“ One of the finest moral tales I ever read, is an account of a dream in The Tatler, which, though it has every appearance of a real dream, comprehends a moral so sublime and so interesting, that I question whether any man who attends to it can ever forget it; and if he remembers, whether he can ever cease to be the better for it. Addison is the author of the paper; and I shall give the story in his own elegant words.
66 "I was once,' says The Tatler, “in agonies of grief that are unutterable, and in so great a distraction of mind, that I thought myself even out of the possibility of receiving comfort. The occasion was as follows: When I was a youth, in a part of the army which was then quartered at Dover, I fell in love with an agreeable young woman of a good family in those parts, and had the satisfaction of seeing my addresses kindly received, which occasioned the perplexity I am going to relate. We were, in a calm evening, diverting ourselves, on the top of a cliff, with the prospect of the sea; and, trifling away the time in such little fondnesses as are most ridiculous to people in business, and most agreeable to those in love. In the midst of these our innocent endearments, she snatched a paper , of verses out of my hand, and ran away with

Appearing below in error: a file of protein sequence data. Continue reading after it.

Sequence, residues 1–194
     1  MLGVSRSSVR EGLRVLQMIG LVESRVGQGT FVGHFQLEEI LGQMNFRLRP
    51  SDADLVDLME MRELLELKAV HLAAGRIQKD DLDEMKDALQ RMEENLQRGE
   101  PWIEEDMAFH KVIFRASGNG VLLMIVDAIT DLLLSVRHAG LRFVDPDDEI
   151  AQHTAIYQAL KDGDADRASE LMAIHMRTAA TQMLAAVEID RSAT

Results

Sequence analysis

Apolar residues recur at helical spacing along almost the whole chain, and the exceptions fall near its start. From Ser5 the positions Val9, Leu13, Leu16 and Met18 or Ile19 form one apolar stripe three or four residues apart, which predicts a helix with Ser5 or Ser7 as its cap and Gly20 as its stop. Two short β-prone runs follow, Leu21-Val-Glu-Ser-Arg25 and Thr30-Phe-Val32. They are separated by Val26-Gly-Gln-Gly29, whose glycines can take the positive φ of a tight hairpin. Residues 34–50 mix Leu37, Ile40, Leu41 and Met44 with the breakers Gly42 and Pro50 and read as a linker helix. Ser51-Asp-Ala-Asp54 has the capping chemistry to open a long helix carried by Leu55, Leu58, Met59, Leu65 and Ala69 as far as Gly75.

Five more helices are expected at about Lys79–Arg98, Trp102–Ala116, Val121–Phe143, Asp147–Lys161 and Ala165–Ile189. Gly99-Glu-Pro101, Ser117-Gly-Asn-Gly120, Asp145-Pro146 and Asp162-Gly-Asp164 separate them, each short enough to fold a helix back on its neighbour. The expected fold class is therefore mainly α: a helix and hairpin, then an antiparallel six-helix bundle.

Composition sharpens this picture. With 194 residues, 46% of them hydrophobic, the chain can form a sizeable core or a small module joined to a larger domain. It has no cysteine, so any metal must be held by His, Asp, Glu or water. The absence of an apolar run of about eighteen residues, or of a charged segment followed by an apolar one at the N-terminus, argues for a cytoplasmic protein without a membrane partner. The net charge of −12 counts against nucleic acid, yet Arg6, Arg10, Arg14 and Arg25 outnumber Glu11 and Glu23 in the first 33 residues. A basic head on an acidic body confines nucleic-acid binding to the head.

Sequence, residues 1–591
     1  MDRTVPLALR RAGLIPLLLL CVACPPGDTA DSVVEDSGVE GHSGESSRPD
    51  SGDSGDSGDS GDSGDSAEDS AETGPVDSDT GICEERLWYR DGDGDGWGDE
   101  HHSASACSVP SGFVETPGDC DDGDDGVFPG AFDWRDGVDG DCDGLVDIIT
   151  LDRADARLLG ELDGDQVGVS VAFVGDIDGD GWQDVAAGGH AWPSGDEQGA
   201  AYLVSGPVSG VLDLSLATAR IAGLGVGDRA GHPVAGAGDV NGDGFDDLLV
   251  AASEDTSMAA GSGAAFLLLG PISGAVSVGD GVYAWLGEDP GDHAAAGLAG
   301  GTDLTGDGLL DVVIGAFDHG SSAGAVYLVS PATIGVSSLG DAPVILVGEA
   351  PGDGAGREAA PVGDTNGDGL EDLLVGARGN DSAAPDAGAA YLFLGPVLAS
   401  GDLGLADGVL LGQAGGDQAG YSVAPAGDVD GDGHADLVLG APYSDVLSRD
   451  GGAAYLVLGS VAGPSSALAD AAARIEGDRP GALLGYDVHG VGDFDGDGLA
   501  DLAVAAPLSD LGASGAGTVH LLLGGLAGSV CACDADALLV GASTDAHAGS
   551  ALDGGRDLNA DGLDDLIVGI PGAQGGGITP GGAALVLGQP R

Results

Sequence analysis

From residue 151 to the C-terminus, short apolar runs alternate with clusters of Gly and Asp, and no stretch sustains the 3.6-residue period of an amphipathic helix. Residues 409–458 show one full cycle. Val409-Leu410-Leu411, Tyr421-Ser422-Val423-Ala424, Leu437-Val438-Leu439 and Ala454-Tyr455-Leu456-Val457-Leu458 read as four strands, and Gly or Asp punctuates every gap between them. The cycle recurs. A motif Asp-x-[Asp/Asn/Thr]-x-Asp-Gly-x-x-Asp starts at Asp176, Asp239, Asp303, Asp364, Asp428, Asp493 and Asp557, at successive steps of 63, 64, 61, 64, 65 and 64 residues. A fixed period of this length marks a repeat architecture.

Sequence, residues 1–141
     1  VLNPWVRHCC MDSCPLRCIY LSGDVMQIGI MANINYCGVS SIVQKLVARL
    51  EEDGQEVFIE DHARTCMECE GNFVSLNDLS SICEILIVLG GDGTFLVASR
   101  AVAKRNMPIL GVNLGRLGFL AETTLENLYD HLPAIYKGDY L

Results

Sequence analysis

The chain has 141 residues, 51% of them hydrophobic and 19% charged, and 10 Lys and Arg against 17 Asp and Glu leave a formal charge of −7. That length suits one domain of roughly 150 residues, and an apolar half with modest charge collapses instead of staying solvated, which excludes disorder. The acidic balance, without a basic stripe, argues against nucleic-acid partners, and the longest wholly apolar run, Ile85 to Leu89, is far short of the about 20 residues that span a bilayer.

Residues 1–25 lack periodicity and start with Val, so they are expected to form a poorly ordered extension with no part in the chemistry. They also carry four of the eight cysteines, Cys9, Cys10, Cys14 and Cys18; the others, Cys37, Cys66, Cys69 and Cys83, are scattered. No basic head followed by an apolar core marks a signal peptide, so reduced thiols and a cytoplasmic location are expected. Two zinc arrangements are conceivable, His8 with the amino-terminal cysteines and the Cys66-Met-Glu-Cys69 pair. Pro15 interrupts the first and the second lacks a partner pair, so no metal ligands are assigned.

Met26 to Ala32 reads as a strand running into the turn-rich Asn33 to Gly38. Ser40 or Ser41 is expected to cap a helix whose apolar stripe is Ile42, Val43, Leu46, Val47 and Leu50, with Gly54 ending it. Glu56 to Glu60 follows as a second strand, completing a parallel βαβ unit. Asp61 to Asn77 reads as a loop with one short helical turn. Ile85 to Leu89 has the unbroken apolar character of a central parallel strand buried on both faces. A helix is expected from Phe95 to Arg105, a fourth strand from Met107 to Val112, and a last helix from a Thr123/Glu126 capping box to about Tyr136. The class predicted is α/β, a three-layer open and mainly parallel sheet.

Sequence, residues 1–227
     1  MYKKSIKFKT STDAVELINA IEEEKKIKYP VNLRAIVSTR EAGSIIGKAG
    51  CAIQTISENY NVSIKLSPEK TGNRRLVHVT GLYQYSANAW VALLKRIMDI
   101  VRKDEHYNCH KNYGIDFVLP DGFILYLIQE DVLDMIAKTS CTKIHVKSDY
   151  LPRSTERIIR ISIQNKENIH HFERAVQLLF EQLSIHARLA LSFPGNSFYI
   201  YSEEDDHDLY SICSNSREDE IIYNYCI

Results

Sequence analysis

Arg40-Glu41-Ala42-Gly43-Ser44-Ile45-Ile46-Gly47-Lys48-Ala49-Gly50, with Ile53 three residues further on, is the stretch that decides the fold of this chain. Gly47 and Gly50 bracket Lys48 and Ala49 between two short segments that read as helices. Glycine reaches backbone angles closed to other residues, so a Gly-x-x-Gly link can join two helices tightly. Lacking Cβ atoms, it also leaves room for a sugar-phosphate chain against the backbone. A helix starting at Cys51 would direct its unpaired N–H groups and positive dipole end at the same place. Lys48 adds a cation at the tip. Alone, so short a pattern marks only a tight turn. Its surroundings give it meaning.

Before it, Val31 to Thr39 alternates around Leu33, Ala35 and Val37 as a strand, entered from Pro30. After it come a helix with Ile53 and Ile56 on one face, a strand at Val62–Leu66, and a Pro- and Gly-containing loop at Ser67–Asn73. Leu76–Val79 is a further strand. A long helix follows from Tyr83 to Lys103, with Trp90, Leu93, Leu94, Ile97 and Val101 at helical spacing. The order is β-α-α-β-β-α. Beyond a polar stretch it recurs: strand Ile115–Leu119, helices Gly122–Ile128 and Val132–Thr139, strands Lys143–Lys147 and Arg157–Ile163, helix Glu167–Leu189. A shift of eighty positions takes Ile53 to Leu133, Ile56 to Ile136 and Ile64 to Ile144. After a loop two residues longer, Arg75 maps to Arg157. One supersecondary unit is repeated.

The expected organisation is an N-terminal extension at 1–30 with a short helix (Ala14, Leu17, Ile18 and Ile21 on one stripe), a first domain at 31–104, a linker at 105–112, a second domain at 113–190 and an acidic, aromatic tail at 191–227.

them. I was following her ; when, on a sudden, the ground, though at a considerable distance from the verge of the precipice, sunk under her, and threw her down from so prodigious a height, upon such a